Rethinking the Trinity, Religious Pluralism, and Augustine 6—Raimundo Panikkar (By Keith Johnson)

Rethinking the Trinity, Religious Pluralism, and Augustine 6—Raimundo Panikkar (By Keith Johnson)

Post Series 
0—Preface
 
1—Introduction
 
2—Augustine’s Trinitarianism
 
3—Mark Heim’s Trinitarian Theology of Religious Ends

4—Amos Yong’s Pneumatological Theology of Religions
5—Jaquees Dupuis’s Christian Theology of Religious Ends
6—Raimundo Panikkar’s Theandric Spirituality
7—Conclusions and Reflections

Today we wrap up an examination of four Christian theologians who are compromising the doctrine of the trinity in their attempt to make it jibe with modern day polytheism. Among the various perspectives is one common strand: a conviction that the doctrine of the Trinity provides the basis for a positive appraisal of non-Christian religions. This common strand has been traced using one of the most important books to come out in a while, which is Keith Johnson’s book Rethinking the Trinity and Religious Pluralism: An Augustinian Assessment.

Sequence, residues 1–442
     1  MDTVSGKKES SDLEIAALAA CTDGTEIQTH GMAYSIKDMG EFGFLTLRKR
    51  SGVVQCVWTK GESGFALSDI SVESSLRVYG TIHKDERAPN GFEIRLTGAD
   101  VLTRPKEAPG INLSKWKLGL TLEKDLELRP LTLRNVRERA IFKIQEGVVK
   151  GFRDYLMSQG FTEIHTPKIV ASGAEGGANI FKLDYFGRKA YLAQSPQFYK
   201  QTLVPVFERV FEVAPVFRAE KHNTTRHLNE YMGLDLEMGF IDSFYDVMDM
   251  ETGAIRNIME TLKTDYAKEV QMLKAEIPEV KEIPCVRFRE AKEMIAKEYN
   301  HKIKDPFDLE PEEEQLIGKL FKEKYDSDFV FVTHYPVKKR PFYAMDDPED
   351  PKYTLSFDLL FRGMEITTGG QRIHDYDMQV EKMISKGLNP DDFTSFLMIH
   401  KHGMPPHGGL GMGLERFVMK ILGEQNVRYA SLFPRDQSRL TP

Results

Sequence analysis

This final perspective is from Raimundo Panikkar, who suggests that there is a trinitarian structure to religious experience. This common experience to every religion on earth comes in three irreducible forms of spirituality: iconolatry, personalism, and mysticism. Iconolatry is the religious exercise of worshiping a projection of God, what ever that may be, yet is only one form of religious experience. Personalism is the religious exercise of personalizing that projection of God simply because we ourselves are persons. Finally mysticism apparently solves for problems inherent in the personalist concept that makes God too much like one of us; the mystic form of religious expressions emphasizes the divine immanence. According to Panikkar, these three forms of religious experience apparently correspond to Father (iconolatry), Son (personalism), and Holy Spirit (mysticism).